Ratsiraka: Madagascar's 'big man'
By the BBC's Johnny Donovan in Antananarivo
Madagascar's incumbent President, Admiral Didier Ratsiraka, has ruled for over 23 years.
He is one
of the last remaining African presidents refusing to hand over power in
the face of a new challenge.
It was a fond term of respect for a leader who for years represented the only credible claim to the presidency in Madagascar.
However, Mr Ratsiraka's hegemony is seriously under threat, now that the self-proclaimed president, Mark Ravalomanana, has installed a parallel cabinet in the capital, Antananarivo.
Mr Ratsiraka is no longer there, having moved his base to the north-eastern port city of Tamatave, his political heartland.
Young Didier Ratsiraka's career, like so many of his political contemporaries, began in the military.
He was one
of a handful of people from the more underdeveloped areas of coastal Madagascar
who gained government sponsorship for studies at the famous naval academy
in Brest, in western France.
Mr Ratsiraka became a brilliant and resourceful officer, who was occasionally described as the best student from amongst his predominantly aristocratic French contemporaries.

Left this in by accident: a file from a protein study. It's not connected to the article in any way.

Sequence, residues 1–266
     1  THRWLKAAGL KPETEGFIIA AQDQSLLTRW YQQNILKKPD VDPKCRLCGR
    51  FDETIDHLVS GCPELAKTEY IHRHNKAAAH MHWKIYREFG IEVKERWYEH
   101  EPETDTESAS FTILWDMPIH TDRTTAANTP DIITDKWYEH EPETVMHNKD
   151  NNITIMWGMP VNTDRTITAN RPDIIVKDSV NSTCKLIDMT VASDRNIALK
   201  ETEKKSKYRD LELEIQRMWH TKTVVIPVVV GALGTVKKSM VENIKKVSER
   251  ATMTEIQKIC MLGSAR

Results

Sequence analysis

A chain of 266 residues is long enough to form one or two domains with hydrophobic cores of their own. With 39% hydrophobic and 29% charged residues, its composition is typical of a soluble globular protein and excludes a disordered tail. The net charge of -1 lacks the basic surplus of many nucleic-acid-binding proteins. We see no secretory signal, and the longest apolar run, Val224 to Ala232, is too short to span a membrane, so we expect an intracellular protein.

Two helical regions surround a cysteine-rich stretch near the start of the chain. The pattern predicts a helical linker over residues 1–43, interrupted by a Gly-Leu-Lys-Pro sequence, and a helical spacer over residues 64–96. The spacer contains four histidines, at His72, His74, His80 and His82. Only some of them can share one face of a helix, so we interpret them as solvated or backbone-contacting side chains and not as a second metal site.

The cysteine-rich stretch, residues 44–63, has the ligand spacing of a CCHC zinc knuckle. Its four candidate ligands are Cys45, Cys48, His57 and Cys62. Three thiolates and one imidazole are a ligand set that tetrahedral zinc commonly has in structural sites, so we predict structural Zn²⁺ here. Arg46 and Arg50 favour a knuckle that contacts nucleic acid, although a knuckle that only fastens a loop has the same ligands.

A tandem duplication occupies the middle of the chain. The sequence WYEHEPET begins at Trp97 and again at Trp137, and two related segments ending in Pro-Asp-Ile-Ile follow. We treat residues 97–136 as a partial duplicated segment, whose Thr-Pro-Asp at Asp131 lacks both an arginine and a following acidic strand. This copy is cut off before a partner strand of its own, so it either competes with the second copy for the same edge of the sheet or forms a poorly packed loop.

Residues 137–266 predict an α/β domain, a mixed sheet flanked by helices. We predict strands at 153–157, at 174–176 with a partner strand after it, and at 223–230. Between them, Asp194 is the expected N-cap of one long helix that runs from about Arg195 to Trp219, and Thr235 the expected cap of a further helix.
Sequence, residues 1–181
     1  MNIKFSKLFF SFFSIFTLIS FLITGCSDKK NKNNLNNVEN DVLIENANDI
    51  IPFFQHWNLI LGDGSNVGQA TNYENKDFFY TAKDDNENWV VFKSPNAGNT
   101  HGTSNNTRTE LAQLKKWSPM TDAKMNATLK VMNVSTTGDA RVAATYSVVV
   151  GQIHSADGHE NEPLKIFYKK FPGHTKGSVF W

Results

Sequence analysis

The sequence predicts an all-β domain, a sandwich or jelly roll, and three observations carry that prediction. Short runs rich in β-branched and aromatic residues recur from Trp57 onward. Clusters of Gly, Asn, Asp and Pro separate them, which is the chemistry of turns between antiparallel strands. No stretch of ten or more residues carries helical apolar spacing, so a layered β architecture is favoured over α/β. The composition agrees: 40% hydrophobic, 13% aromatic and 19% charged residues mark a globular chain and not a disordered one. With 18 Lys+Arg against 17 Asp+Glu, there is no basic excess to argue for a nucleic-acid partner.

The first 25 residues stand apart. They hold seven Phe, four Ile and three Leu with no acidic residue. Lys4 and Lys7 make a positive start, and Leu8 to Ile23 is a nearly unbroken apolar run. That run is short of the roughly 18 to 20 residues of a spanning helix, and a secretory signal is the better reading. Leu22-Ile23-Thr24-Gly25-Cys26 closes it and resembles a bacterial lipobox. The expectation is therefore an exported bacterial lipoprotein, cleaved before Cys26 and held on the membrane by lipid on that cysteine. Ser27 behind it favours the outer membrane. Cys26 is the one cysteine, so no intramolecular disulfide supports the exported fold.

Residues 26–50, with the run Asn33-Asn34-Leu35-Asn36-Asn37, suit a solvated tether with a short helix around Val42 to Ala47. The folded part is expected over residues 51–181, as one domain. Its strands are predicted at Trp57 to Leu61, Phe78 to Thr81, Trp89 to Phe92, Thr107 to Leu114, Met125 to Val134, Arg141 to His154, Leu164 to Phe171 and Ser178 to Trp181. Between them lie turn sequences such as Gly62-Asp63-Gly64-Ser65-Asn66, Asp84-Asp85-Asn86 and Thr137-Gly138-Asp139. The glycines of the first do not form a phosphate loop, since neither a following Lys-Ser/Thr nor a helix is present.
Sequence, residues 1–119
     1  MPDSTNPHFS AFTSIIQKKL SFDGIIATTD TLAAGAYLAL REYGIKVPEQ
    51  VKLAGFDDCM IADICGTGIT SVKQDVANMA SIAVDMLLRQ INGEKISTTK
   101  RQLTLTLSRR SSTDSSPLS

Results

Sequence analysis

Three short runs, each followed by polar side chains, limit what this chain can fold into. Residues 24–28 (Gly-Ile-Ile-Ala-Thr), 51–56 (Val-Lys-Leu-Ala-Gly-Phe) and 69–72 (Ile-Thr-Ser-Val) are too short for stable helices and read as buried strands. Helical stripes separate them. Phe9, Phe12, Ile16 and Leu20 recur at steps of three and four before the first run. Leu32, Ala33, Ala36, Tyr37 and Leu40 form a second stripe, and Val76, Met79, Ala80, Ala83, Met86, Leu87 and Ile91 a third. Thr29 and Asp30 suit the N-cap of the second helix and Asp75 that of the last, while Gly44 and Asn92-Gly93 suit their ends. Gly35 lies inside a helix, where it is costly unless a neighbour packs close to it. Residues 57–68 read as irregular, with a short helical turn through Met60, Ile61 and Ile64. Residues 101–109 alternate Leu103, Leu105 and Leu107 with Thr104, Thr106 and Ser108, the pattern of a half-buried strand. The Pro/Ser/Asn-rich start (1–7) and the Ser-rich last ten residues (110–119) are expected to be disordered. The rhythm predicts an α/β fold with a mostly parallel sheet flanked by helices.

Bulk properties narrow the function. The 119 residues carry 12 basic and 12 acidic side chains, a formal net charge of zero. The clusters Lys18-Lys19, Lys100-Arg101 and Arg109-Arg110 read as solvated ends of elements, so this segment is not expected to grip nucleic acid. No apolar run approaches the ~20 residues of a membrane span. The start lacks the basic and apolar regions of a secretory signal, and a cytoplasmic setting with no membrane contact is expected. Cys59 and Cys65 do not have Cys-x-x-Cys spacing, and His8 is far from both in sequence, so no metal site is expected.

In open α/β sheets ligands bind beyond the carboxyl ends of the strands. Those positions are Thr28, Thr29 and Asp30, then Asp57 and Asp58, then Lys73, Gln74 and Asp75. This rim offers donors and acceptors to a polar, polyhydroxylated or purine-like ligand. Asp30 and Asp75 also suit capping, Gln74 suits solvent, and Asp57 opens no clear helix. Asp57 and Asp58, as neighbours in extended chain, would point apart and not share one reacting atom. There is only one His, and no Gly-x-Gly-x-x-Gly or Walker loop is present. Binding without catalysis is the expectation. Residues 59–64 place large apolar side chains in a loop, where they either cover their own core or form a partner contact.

On his return
to Madagascar, he was appointed minister of foreign affairs under the
transitional government of General Ramantsoa, at a time when Madagascar's
nationalist movement was rapidly gaining momentum.
But it was in 1972, when Mr Ratsiraka successfully re-negotiated Madagascar's position as a French protectorate, that people began to look at him as the country's next leader.
His initial popularity with his implementation of Malagasy socialism quickly earned him an image as the champion of the masses.
Rich in charisma and charm, he had the advantage of a solid understanding of traditional eloquence so important in negotiations with Madagascar's predominantly rural population.
However, his public appeal could not conceal his political failings.
By the late 1980s Mr Ratsiraka's brand of socialism had made the country desperately poor.
The admiral's regime started to buckle under the weight of a growing opposition voice.
An unforgettable mark of his increasing resistance to change took place in 1991 when 130 people were killed by the presidential security forces.
Mr Ratsiraka had ordered them to open fire on the crowds demanding his resignation, outside the presidential palace.
Later that year he was voted out of office and went into self-imposed exile.
In 1994 Mr Ratsiraka was re-elected with promises of increased co-operation with the international community and further liberalisation of the economy.
He is now seeking a fifth term in office under his continuing policies of what he calls ecological humanism.
Whilst President Ratsiraka may not have the popularity that he once boasted, his drive and energy have little diminished over the years.
in Madagascar are wondering whether Mr Ratsiraka can afford to turn a
blind eye to the wind of change that is so vividly sweeping Madagascar